Ideally, you could refer the whole world --- or at least, the significant portion thereof that want your code --- to your (public mirror) Git repository. But unfortunately, the whole world does not (yet) use Git ("I know it was you Fredo, I know it was you, and it breaks my heart."). Sad. Sooooo sad. But true. So the only recourse is for you to send these tortured souls an archived snapshot of your code via e-mail. I'll pause now to let you finish retching/sobbing/lamenting/venting. ... Back? Anyway, Git has a neat "
archive" command that helps you create the required archive, but perhaps it does not have the most friendliest interface in the world. I've written some scripts to wrap the Git command to facilitate its use, which I share here.
Update 2011-07-07: I have re-written the original three scripts previously described here as a single script, incorporating some of the excellent suggestions that kind folks provided in the comments. Immediately below this is the new, unified, all-bells-and-whistles-included script. Simply name it something like "git-makedist", switch on its executable bit, and place it somewhere on your system path. Reasonable names, filepaths, prefixes, etc. are all provided if you do not explicitly specify them. All of which means that, in most cases, once installed, simply invoking the command "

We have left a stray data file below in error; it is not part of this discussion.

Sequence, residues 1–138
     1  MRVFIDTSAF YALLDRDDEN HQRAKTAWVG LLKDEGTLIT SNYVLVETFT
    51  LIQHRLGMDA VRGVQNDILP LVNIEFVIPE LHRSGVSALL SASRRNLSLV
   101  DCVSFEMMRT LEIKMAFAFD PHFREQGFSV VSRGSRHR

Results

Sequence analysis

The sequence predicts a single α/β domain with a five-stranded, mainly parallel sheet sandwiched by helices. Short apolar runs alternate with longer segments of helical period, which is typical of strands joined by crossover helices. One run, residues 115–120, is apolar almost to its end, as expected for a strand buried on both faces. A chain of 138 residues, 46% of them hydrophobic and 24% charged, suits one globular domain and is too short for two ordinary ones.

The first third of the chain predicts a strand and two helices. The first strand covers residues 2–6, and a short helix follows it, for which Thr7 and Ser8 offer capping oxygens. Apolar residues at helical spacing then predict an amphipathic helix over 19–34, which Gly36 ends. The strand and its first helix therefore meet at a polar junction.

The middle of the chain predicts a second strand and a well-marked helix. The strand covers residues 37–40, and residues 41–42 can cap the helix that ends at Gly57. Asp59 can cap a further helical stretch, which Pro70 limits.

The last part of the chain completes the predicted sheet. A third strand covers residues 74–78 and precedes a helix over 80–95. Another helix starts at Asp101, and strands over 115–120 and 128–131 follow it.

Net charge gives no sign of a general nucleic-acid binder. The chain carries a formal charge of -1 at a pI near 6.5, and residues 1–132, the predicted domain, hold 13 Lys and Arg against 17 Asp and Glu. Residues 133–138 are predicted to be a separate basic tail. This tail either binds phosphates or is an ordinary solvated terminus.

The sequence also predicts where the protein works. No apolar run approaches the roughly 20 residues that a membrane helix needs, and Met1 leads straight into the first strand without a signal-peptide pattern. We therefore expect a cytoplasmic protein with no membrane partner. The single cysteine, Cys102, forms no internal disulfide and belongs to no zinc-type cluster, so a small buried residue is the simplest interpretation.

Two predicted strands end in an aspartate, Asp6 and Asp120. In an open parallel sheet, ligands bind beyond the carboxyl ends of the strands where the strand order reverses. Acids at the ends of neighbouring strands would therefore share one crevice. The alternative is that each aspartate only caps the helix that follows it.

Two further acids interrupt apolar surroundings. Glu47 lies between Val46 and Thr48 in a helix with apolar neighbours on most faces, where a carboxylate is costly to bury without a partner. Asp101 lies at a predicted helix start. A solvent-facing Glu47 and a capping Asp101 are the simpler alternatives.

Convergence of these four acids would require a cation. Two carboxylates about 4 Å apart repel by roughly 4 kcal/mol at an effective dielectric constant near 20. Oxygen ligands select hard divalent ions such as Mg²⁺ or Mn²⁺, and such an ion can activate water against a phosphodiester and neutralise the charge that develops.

git makedist" without any options or arguments from within a Git repository "just works (tm)", resulting in a sensibly-named compressed archive of the current HEAD ready for distribution. At the same time, various flags and options allow you to fine-tune the operations, e.g. determine the compression/archive method, the path prefixes, the archive name, etc.
Update 2011-07-22, Excluding Files:
Sometimes, not all files need to make it out to an archive. You can use the "
.gitattributes" file to control which files get archived. Simply add the paths/names/globs of the files or directories you would like to exclude, and add a "
export-ignore" after it. For example:
Note that the "
.gitattributes" file has to be committed for it to have an effect.